Amazon Stock: Seesawing Through The First Half Of 2021

Half of 2021 is now gone. Today, the Amazon Maven reviews the wobbly performance of Amazon stock through the first six months of the year.
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The first six months of the year are now in the rearview mirror. After climbing 330% in the five years leading to the end of 2020, almost like a meme stock of sorts, Amazon shares  (AMZN) - Get Report had a less exciting first half of 2021: up “only” 6%.

The Amazon Maven reviews the stock’s year-to-date journey, which has been marked mostly by short bursts of rallies and pullbacks, not much by a clear trend higher or lower.

Figure 1: Amazon's logo.

Figure 1: Amazon's logo.

(Read more from the Amazon Maven: Amazon Stock Price: How It Can Climb Up To 30%)

Amazon’s first half numbers

Amazon stock’s performance in the first six months is depicted in the chart below, in blue. Notice how shares seesawed, climbing in March, April and June, but correcting in February and May. Below are also some interesting metrics on AMZN.

  • Absolute annualized return of 12%, well below the S&P 500’s annualized 33%.
  • Annualized volatility of 31%, a hair above its own historical average of 28% in the past decade.
  • Maximum drawdown of 13%, not bad compared to peers like Apple and other growth stocks.
  • Best month of returns: April, 12%
  • Worst month of returns: May, -7%
Figure 2: AMZN's annualized return vs. S&P 500.

Figure 2: AMZN's annualized return vs. S&P 500.

Not unlike some of its tech and growth peers, Amazon stock kicked off the new year in style. Shares rushed ahead of fourth quarter earnings, when the company stunned investors with one of the largest all-round beats in the company’s history.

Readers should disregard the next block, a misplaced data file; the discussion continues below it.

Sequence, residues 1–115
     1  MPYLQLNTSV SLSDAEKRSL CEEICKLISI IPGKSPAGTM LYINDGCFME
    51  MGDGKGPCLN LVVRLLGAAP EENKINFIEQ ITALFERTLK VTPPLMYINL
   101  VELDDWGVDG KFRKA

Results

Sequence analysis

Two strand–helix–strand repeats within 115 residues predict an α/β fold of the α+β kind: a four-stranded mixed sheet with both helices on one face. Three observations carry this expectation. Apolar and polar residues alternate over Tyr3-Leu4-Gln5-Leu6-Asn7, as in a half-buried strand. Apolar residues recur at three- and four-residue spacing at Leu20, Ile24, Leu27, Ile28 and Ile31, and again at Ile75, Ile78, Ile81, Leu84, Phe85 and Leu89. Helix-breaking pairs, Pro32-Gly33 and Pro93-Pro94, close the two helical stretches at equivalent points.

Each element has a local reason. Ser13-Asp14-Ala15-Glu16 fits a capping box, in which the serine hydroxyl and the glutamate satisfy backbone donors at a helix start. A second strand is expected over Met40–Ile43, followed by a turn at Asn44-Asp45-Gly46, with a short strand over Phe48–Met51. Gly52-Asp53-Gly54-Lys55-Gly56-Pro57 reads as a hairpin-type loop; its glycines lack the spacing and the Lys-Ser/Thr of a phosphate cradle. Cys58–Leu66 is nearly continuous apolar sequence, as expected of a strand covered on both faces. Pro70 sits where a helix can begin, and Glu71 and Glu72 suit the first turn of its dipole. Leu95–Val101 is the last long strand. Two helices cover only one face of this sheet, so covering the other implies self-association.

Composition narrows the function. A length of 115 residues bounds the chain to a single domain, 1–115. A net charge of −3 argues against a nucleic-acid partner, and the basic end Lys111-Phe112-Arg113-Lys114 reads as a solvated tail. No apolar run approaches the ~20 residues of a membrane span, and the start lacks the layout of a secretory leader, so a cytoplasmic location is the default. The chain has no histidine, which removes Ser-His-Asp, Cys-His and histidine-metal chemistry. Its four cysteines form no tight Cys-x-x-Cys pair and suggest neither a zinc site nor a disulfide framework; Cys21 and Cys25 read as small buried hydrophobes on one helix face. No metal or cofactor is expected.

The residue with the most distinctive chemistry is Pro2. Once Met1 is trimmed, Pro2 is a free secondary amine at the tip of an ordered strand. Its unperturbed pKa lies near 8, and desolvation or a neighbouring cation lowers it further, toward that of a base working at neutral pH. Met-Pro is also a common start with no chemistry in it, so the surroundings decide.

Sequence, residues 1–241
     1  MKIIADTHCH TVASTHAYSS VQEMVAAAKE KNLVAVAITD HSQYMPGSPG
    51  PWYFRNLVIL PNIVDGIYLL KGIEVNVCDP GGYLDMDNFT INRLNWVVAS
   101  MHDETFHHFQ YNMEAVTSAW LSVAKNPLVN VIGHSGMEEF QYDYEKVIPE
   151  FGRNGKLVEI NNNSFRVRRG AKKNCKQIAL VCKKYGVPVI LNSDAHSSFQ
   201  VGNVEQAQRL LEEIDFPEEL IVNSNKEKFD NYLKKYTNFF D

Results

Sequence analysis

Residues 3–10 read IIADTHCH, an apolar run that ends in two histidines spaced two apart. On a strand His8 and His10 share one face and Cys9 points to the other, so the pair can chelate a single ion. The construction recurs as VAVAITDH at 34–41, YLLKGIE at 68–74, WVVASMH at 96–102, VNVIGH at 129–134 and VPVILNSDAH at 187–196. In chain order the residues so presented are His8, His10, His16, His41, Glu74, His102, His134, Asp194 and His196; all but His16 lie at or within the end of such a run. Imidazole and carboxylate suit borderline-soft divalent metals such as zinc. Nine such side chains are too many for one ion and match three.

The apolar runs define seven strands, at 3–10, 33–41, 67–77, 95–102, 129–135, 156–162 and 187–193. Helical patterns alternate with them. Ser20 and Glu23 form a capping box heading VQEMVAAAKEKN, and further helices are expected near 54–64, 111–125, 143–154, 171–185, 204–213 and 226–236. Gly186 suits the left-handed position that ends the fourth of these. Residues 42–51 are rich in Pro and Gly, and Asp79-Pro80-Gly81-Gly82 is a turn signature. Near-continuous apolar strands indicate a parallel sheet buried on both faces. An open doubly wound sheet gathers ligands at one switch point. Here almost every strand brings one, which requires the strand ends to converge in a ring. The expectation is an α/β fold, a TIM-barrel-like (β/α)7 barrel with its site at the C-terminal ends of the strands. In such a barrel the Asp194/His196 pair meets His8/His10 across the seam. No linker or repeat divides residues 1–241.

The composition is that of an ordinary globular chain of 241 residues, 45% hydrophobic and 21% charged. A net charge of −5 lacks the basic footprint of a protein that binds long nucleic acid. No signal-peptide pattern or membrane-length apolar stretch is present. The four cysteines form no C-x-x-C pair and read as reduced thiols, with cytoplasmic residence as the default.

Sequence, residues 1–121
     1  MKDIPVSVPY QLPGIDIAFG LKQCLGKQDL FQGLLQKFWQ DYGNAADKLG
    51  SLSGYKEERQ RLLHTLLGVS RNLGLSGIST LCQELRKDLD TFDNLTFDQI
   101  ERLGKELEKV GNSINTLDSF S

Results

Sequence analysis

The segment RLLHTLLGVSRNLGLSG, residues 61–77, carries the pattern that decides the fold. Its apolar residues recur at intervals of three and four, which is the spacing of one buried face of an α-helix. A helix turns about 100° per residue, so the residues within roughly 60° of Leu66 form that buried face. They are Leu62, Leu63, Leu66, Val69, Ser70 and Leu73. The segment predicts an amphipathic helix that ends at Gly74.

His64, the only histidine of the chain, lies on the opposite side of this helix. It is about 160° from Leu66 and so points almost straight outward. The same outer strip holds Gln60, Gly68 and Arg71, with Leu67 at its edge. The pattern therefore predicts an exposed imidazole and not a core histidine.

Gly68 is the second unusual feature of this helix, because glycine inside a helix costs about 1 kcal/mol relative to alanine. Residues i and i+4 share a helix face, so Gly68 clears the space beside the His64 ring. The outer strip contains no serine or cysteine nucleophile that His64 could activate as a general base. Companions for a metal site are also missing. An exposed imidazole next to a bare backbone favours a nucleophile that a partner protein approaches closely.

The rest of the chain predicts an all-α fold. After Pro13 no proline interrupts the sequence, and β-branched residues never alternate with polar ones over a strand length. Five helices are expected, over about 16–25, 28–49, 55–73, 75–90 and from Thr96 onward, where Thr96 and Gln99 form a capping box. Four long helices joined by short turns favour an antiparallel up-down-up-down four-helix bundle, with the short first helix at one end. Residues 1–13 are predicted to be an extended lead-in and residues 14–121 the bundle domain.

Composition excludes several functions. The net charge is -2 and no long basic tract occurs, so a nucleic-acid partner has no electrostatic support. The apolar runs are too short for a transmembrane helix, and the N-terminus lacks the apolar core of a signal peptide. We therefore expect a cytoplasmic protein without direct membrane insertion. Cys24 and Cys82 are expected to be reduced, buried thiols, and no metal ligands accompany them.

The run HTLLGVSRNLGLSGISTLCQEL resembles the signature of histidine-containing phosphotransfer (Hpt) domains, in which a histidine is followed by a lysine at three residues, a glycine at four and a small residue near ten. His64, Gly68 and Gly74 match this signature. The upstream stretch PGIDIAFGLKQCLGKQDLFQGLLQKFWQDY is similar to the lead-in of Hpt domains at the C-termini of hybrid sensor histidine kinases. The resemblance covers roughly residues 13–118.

Some could blame the announcement of celebrity founder Jeff Bezos’s retirement for the stock’s post-earnings selloff. AMZN share price declined 13%, the most so far in 2021, between earnings day and March 8. But I believe macroeconomic forces were the culprit here.

With the reopening of the economy and supply chain constraints that started to develop, the market began fearing rising inflation for the first time in many years. The 10-year government bond yield shot through the roof while Amazon stock fell apart. Cyclical sectors did much better than growth stocks.

The rebound in AMZN happened once yields stabilized in mid-March – and the recovery was fast and furious. Between March 8 and April 29, Amazon share price increased by a whopping 18%, nearly reaching September 2020 all-time highs.

Once Amazon’s monster second quarter earnings became old news, the stock started to head lower once again. Within only two weeks, AMZN had lost nearly 10% of its value compared to pre-earnings levels. The stock dipped into negative territory for the year.

From that second quarter low, Amazon shot almost straight up to its current price of $3,450. Renewed bullishness was possibly driven by valuations that became much more palatable – current-year P/E in the mid-60s, which is unusually low for Amazon standards – without a deterioration in fundamentals.

(Read more from the Amazon Maven: Amazon Stock: Get Ready For Earnings Season)

Twitter speaks

Amazon stock climbed over 300% in the five years leading to the end of 2020, then another (market-lagging) 6% in the first half of 2021. Do you think AMZN is overvalued?

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(Disclaimers: this is not investment advice. The author may be long one or more stocks mentioned in this report. Also, the article may contain affiliate links. These partnerships do not influence editorial content. Thanks for supporting The Amazon Maven)